Introduction: Custom Bench Dog Clamps

I needed... nah, wanted more ways to clamps things on my workbench (see the instructable for the workbench here and read about it on my blog here). So in this small instructable I'll be showing you how to convert a set of cheap clamps to clamps that can be used with dog holes.

Materials you'll need:

  • cheap clamps that are somewhat long

Tools you'll need:

  • A welder
  • A grinder
  • A miter box/saw with a metal cutting sawblade

Let's get started.

Step 1: Removing the Bulky Head

In order to customize these clamps so they would fit through the bench dog holes I had to take off the bulky cast iron heads and make new heads. For this purpose I choose long clamps. Usually these clamps come at a set price, like a set of 4 regular clamps, or 3 slightly longer ones, or 2 very long ones. I took 2 sets of very long ones.

Initially I started off with a grinder to cut them away, but since the clamps were so cheap there was no pin through the head, and I found out I could also just take a hammer and hammer the heads off. This saved a lot of time and a grinding disk or two.

After the heads were removed, I'd cut part of the rod at a 45° angle so when I turned the cutoff around and attach it again by welding, I would have a nice clean 90° angle. It's important that the new head is at least as long as the old bulky head was, to ensure the clamps don't get skewed when tightening.

I measured out how long I would have to cut the rod in order to make the new head just as long as the old head was, and I took it to the miter saw. You can cut it with any saw that does 45° angle cuts through metal, but try to get it as straight as you can. I used a manual miter saw that I got while renovating a house. Not the easiest way, but it worked.

Step 2: First Welding

With the 45° angle cutoff pieces, you are going to make new clamp heads again. I didn't have a steel area handy to weld on, so in order to distribute the head I put a little sheet of metal on a kind of workmate, and welded on top of that. You want to make sure the angle you're welding the cutoff back on is nice and square at 90°.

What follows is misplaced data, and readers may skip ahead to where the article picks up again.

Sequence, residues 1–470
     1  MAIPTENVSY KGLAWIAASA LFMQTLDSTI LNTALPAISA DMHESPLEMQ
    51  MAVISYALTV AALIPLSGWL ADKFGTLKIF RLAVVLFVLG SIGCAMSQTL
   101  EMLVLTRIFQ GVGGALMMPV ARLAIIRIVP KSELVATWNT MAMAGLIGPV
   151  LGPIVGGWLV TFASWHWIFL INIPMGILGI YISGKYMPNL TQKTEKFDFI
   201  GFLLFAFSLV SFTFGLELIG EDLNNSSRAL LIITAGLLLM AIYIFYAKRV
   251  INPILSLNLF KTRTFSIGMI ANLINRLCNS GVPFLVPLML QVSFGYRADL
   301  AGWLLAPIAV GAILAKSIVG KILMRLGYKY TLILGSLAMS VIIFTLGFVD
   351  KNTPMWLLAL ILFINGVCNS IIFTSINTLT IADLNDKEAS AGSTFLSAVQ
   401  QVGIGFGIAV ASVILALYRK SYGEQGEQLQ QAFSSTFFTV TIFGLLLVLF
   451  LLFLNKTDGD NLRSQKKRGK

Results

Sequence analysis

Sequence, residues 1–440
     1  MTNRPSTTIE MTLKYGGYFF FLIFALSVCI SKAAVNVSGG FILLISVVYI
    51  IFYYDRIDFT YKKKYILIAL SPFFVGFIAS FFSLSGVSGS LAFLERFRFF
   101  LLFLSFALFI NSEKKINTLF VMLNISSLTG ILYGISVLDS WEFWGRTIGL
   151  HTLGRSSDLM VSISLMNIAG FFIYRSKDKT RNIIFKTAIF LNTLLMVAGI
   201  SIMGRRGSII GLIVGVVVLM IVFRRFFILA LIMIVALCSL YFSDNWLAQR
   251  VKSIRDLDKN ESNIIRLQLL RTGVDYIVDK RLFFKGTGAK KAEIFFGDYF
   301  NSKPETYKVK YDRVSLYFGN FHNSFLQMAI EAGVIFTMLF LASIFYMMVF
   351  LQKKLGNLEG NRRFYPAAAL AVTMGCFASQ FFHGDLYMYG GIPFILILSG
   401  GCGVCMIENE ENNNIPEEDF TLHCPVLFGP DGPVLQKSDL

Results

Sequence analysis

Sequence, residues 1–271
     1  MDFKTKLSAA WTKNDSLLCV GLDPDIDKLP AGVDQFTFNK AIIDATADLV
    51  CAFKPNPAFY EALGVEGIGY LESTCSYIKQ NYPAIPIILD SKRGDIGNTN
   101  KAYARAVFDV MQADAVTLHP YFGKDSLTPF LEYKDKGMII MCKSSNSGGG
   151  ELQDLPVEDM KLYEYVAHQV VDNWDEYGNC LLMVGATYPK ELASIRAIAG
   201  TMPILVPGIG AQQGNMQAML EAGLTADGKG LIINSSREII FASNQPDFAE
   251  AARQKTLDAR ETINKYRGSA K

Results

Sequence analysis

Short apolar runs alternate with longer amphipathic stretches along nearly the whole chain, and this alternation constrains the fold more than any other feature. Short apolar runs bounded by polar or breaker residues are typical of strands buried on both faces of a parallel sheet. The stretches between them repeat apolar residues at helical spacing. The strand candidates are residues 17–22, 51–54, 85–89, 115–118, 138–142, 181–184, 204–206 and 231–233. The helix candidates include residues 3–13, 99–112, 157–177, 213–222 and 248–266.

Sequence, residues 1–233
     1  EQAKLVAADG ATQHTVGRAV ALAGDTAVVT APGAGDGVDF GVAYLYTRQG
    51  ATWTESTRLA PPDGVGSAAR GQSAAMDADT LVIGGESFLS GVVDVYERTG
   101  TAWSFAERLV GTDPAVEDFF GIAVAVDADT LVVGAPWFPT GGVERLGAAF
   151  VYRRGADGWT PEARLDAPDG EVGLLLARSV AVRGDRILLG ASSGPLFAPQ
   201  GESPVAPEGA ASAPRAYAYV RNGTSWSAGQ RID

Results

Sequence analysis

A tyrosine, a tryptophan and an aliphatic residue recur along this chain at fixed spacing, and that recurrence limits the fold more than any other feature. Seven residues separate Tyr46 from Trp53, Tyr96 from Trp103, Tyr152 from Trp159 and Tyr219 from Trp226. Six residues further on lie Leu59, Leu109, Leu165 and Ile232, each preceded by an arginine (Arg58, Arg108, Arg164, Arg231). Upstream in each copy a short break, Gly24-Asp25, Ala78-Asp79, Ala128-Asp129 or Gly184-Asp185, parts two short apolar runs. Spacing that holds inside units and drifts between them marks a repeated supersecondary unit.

Step 3: Adding "extras".

Technically after the previous step the clamps worked, but since the new head is very small, there's not a lot of clamping area and I didn't want the head to "dig" into the wood. So in order to redistribute the pressure somewhat, I wanted to add some extra flat pieces at the end.

I made a big mistake here. I wanted to have the new flat side at the same depth as the actual rod, so I took the grinder and started to grind away material at the rod. Instead I should probably just have welded on those extra supports right away. Because it's very easy to grind away too much material, so when you want to have the new plates level with the rest of the rods, you'll have to add in/weld in extra material again.... which I did. You can see on one of the photos that I had to fill up the gaps from grinding away too much. If I had just welded the new plates on straight away I wouldn't have had to put so much effort in them.

Having said that, even with the new plates flush with the rest of the rod, the heads were too thick again, and couldn't fit through the bench dog holes, which was the entire purpose of the clamps in the first place. So I took out the grinder again and started grinding down the head and tip of the head, so that I could get them through the bench dog holes.

Another thing when you have gaps is that it's hard to weld it close again because the material gets so hot it melts and drops away. If I'm left with a sizable gap I usually look for scrap pieces, such as old pallet nails to fill the gap before I start welding again.

Step 4: All Welded and Ground Down.

So after:

  • hitting the head off from the original clamps
  • cutting the clamp rod at a 45° angle
  • welding that cutoff piece back in a 90° angle
  • add extra support on the head
  • grind everything down again good.

We've finished our custom clamps. I've made them quite a while ago actually, and they've proven to be extremely useful to the point where I use less clamps than I did before. Where before I would use 2 big clamps to clamps things on the edge of the workbench, now I often just use 1 of these smaller clamps.

I hope this instructable was useful. If you have any questions or comments I'd love to hear them.